New music interview: Teresa Suárez (AKA Teri Gender Bender)
Holly Combe // 7 February 2014
Jess McCabe interviews Teri Gender Bender of Le Butcherettes and Bosnian Rainbows and wonders about the pressures of creating an explosive onstage persona.
A short introduction to Mexico’s riot-grrrl-in-chief, Teresa Suárez: She’s the lead singer of Mexican punk duo Le Butcherettes, the band she launched with her best friend, aged only 17. On-stage antics include fake blood, flour, eggs and a real pig’s head. Teresa – or, to use her stage name, Teri Gender Bender – and Auryn Jolene have been known to take the stage in 1950s dress, combined with a bloody apron.
If Le Butcherettes look as if they were inspired by 1990s riot grrl, that’s because they were. Listening to Bikini Kill and L7 inspired Suárez to found the group, her first band, when she was still in school in Guadalajara. The resemblance doesn’t stop with visuals, as Le Butcherettes dig deep with choppy guitars, a DIY feel and feminist lyrics. As Miss Selfridge dredges through its archives to sell another round of red velvet dresses and plaid shirts to a new generation, it’s a relief to imagine for a minute that Bikini-Kill-flavoured-garage bands like Le Butcherettes could make a second coming.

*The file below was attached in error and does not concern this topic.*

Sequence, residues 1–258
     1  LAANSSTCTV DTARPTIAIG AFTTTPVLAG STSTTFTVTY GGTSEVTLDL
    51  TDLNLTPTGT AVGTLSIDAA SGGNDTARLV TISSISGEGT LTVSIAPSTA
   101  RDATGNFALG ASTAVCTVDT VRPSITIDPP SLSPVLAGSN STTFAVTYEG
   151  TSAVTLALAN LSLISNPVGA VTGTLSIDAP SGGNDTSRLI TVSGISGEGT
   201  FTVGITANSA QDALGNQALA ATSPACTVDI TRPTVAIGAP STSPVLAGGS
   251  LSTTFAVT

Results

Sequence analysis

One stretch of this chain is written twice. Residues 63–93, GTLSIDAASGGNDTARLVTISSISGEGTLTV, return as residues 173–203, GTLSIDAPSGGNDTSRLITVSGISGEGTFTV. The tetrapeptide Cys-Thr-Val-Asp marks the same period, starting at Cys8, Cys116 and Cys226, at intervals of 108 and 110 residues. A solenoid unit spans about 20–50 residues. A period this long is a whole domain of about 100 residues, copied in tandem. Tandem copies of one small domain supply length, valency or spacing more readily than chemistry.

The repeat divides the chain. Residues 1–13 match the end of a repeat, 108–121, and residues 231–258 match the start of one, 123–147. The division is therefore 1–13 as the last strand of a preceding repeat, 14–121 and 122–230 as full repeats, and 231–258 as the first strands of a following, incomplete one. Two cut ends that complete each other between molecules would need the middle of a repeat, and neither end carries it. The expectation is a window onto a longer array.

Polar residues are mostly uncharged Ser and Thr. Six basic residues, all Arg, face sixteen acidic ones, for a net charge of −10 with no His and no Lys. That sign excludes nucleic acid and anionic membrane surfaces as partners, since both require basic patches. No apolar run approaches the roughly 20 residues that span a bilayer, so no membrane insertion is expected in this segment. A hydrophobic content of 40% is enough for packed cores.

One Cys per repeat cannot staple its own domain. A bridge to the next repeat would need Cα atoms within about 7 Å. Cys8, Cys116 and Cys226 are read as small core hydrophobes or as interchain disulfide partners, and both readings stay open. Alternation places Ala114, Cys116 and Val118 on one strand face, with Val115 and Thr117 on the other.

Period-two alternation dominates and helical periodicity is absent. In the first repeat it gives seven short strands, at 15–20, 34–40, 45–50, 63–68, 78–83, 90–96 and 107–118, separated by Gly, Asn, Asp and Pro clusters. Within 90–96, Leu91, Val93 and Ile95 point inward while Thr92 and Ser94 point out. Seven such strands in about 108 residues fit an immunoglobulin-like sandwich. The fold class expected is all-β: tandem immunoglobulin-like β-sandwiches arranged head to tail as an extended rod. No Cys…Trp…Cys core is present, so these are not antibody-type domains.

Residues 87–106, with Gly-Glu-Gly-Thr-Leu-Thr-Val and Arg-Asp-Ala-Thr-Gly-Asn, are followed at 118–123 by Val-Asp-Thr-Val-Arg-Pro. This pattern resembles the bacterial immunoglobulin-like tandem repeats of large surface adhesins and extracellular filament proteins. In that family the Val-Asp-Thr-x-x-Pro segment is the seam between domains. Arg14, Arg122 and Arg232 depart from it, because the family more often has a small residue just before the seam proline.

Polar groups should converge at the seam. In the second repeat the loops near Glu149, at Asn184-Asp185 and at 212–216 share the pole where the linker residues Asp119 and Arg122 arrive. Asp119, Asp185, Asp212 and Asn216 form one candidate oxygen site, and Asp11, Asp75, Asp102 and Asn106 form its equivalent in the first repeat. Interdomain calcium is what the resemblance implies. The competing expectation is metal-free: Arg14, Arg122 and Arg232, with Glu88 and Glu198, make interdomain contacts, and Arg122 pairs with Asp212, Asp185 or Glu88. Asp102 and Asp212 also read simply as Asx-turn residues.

At 24, Suarez hasn’t abandoned Le Butcherettes but she has a new project: singing in a new band, Bosnian Rainbows, with two alumni of The Mars Volta: Omar Rodríguez-López (who was instrumental in propelling Le Butcherettes into global success in the late 2000s), Deantoni Parks and keyboardist, Nicci Kasper. (The name is a metaphor, she explains. “The point is that everything has its beauty. That’s why the rainbow, it’s the future. So Bosnian Rainbows’ something with the future. Something seen with negativity that really is something beautiful”)…
Upwards head and shoulders close-up of Teresa Suárez performing onstage with Bosnian Rainbows at Groove in Buenos Aries, Argentina, in November 2013. Her teeth are clenched and her lips are pouting outwards into a snarl, suggesting she is mid-flow in vocal delivery. Her eyes are closed. By Pablo Caro, shared under a Creative Commons License.